Why Kids Wearing Their Backpack This Way Can Be Dangerous

Another school year is soon to be here and boy did this summer just fly by! The start of school is physically and mentally demanding for students.  Most kids throughout the summer might have lost the strength and stamina it takes to lug heavy bags around and sit in chairs for hours.  

Here are some complementary tips for a safe, productive and healthy school year.

The general consensus is that a backpack should not exceed 10%-15% of one’s body weight.  Adding more weight than recommended causes the person to bend backwards, which puts pressure on the fluid filled spinal discs.  This bowing of the spine forces the head to shift forward to compensate for the backwards pull.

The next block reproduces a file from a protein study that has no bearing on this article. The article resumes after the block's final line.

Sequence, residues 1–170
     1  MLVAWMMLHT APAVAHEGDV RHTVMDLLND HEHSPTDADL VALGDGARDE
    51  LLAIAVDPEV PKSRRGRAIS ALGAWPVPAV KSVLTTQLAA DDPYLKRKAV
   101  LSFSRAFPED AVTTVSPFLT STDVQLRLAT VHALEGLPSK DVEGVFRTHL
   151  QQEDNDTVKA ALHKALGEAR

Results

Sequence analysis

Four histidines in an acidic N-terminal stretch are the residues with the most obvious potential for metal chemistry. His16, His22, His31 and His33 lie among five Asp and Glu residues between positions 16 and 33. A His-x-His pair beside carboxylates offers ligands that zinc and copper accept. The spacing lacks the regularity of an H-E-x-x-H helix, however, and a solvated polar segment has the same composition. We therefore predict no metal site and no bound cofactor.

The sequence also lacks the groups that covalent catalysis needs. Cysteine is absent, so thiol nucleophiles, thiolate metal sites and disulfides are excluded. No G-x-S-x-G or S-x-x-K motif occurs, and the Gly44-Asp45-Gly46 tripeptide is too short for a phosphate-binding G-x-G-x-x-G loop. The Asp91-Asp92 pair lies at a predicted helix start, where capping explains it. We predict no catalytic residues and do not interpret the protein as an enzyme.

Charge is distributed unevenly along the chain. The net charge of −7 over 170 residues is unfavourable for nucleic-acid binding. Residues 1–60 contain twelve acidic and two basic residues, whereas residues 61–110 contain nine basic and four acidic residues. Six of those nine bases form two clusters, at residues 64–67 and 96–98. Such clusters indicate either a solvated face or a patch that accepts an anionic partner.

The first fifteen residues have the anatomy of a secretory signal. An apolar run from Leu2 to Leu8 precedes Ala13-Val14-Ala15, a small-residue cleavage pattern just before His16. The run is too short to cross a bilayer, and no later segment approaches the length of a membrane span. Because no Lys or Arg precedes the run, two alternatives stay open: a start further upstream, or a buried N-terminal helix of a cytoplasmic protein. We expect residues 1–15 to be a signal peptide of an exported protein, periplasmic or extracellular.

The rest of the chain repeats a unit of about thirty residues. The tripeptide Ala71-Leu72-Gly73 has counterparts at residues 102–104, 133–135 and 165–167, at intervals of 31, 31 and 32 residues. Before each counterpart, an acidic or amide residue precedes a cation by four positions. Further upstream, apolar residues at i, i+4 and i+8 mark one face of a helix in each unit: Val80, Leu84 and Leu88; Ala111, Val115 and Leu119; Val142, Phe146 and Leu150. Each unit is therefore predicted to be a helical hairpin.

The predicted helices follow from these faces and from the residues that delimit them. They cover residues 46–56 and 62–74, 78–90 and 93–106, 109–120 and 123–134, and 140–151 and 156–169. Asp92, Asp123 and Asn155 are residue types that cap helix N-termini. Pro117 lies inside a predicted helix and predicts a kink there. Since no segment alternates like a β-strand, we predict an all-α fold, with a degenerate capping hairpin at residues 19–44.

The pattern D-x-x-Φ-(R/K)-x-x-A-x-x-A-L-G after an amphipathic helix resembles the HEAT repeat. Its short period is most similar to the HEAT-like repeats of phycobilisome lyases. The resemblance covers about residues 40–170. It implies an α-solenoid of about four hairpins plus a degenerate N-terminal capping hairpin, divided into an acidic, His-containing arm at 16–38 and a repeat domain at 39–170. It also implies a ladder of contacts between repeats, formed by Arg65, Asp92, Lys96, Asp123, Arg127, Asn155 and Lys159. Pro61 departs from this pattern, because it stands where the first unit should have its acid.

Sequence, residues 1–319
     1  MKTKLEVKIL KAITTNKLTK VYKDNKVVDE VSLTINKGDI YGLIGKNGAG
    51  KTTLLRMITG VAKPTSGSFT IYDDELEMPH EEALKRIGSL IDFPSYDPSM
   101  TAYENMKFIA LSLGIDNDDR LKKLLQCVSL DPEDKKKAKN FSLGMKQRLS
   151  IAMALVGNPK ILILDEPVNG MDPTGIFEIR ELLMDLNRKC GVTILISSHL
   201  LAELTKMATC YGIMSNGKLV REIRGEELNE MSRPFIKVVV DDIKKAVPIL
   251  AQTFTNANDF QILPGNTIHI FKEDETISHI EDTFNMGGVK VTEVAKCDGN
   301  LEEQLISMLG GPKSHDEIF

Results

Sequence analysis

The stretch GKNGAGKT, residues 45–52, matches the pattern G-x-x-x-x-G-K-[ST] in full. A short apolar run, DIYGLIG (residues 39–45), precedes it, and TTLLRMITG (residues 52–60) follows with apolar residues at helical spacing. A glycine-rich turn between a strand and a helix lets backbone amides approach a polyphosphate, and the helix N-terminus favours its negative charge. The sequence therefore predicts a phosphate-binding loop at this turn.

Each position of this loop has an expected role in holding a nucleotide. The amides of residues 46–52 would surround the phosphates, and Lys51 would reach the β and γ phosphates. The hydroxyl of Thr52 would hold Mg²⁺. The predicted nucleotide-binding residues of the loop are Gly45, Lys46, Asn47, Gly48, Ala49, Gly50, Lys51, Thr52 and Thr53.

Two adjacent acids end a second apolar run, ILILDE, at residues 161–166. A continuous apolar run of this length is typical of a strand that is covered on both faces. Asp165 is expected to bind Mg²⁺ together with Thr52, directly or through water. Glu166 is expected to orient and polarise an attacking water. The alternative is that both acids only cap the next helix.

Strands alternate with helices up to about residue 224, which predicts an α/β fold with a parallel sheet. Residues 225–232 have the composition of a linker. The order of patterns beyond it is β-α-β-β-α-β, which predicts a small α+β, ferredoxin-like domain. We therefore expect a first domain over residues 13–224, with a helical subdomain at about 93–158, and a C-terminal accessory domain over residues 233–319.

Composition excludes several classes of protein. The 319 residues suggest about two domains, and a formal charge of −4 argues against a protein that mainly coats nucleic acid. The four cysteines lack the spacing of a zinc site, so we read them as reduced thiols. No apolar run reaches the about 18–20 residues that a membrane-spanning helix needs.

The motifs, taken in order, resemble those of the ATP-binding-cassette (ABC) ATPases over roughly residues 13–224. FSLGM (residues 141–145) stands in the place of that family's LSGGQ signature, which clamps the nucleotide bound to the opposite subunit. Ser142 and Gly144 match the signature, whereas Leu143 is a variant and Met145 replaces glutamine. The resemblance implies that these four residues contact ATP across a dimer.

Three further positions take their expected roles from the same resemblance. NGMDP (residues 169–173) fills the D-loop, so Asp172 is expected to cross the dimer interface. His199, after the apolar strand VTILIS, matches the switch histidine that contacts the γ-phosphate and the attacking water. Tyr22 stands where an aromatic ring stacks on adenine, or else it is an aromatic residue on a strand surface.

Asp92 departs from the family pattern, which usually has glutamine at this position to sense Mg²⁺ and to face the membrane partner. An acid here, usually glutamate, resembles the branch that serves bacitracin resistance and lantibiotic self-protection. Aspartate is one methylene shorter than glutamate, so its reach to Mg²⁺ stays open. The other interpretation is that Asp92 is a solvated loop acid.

These two scenarios may lead to a condition known as Anterior Head Syndrome (AHS).  AHS can lead to early degeneration of the spine and nervous system straining that otherwise would not occur.

Are some backpacks or bags better than others? Yes!  A backpack with two straps provides even weight distribution for the body.   Having two straps over the shoulders allows the person to use their largest muscles.  Using larger muscles leads to less fatigue and less chances of putting strain on the spine. 

So how about one strap across the body?  This can compress the first rib and affect the brachial plexus, which is a bundle of nerves coming off your neck.  If you must use a one-strap bag, make sure to alternate shoulders periodically.


Here is a quick review:

-Two shoulder straps not one.

-The backpack should be 10%-15% of body weight, keeping heavier items closer towards the spine.

-An over stuffed bag can be a tripping hazard on a school bus or classroom aisle.

-Turning abruptly can knock or hit another person off balance.

-Sore and tired muscles can affect concentration in the classroom or at work.

-Wearing a backpack appropriately will help ensure your child’s health & safety.

Here’s to a safe, happy and healthy school year!